The Catholic powers weren’t wrong. Elizabeth wanted much more from the Muslim Ottomans than sweets: She wanted ships and guns to help her war against the Catholic powers. Both before and after she crushed the Spanish Armada in 1588, Elizabeth coveted a military alliance with the Ottomans to deal Spain the deathblow she so desperately craved. England had a strong navy, but not strong enough. And unfortunately for Elizabeth, all of the ambassadors she dispatched to Istanbul in the 1580s and 1590s left the sultan’s court empty-handed. From an Ottoman perspective, the petty bickering of the weaker powers of Western Europe was not worth the time or effort. The Ottomans had far more pressing concerns with the Safavids in Iran to their east and on the Hungarian frontier in the west.

The second half of Mr. Brotton’s account takes us from the world of high-seas economic and military intrigue to the London stage to show the cultural impact of Islam—or, more accurately, the cultural impact of Western ideas about Islam. This transition from the theater of war and trade to the literal theater may at first seem abrupt, but Mr. Brotton proves adept at tracing the ways in which Elizabeth’s relations with the Muslim world not only brought new goods and tastes to England but also a flood of new ideas, characters and storylines for writers like Christopher Marlowe, George Peele, Robert Greene and, of course, William Shakespeare.

The literary culmination of Elizabethan England’s fascination with Islam was “Othello.” Modeled perhaps on the Moroccan ambassador Muhammad al-Annuri, who was visiting England in 1600, Shakespeare’s character represented the crushing contradictions of early modern identities and the ultimate impossibility of reconciling them. He is called a Moor, thus both black and Muslim. He is a former slave who remains not quite free; a convert who was somehow just still a bit too Muslim; and an outsider who secretly marries the white, Christian European Desdemona. “I am not what I am,” Iago says for Othello. One must choose—Christian or Muslim, free or slave, white or black, European or Ottoman. A Christian Moor, the black husband of a white wife, a former Muslim fighting for Catholic Venice, Othello stages all of these simultaneous differences, inevitably failing to resolve them as he finally succumbs to the only resolution possible: He stabs himself in front of his rapt audience.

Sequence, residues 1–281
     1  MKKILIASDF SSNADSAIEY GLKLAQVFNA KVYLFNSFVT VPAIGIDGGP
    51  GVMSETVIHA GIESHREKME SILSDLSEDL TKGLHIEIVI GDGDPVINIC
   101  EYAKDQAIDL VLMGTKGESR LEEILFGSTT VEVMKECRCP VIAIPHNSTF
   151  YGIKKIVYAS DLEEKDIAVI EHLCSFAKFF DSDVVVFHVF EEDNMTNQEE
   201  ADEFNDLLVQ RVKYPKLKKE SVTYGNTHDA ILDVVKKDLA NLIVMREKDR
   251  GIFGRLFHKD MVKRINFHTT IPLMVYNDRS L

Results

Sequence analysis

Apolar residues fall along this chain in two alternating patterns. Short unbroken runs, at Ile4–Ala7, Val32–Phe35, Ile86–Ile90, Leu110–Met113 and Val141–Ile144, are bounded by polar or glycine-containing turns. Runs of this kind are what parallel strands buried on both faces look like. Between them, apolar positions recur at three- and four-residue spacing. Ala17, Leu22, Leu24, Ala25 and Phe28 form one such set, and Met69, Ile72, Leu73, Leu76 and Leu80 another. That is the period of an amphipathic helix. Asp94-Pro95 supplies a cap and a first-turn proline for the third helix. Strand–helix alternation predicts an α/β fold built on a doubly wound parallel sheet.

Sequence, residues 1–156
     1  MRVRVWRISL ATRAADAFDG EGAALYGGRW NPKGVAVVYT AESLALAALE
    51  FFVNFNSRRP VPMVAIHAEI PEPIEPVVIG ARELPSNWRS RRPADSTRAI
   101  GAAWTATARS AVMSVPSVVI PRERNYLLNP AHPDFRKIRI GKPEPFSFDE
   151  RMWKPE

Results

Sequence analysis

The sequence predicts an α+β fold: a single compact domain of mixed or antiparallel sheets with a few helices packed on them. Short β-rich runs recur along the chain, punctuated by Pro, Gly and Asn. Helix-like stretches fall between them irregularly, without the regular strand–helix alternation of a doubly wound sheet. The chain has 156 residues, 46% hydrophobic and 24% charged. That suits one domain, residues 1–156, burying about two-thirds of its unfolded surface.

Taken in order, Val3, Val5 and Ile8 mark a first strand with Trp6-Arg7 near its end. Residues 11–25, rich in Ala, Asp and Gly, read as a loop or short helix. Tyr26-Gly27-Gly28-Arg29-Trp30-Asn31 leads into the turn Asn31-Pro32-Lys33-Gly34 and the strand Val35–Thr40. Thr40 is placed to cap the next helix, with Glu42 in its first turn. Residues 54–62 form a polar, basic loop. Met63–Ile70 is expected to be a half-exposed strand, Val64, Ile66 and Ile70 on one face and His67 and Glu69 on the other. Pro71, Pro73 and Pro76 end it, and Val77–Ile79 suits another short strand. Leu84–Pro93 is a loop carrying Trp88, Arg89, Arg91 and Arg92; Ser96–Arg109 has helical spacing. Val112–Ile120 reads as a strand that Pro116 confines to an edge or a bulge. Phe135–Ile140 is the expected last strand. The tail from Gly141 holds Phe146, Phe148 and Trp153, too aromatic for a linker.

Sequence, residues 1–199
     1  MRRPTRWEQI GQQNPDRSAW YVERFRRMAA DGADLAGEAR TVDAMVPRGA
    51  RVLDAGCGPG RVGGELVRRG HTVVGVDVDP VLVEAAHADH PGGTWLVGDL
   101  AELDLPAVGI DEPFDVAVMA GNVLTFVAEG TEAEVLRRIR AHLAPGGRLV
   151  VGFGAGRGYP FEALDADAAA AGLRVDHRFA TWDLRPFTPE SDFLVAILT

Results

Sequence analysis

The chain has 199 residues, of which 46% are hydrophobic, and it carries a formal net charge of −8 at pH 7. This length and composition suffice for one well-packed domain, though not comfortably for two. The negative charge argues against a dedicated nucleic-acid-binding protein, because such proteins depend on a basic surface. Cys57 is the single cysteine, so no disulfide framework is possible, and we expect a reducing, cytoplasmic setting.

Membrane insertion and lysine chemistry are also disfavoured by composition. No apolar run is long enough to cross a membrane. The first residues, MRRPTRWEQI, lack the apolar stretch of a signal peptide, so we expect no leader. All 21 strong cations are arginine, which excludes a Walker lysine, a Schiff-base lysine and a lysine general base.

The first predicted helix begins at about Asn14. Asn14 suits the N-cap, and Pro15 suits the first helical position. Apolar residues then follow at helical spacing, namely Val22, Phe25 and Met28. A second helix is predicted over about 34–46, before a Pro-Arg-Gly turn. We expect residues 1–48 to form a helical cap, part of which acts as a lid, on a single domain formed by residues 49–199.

Elizabeth herself died before the play was ever staged. With her perished England’s momentary dalliance with the Muslim world. Her successor, James I, negotiated a rapprochement with Spain, bringing Protestant England back into a still mostly Catholic Europe. In the years that have followed, the impossibilities of reconciling Othello’s differences, of Christianity and Islam and of the east and the west have endured, while Islam’s formative role in English history and the lessons of constructive Christian-Muslim interactions has mostly been forgotten.

One day while we were sitting with the messenger of Allah there appeared before us a man whose clothes were exceedingly white and whose hair was exceedingly black.

No signs of journeying were to be seen on him and none of us knew him. He walked up and sat down by the prophet. Resting his knees against his and placing the palms of his hands on his thighs, he said:”O Muhammed, tell me about Islam”. The messenger of Allah said: “Islam is to testify that there is no god but Allah and Muhammed is the messenger of Allah, to perform the prayers, to pay the zakat, to fast in Ramadhan, and to make the pilgrimage to the House if you are able to do so.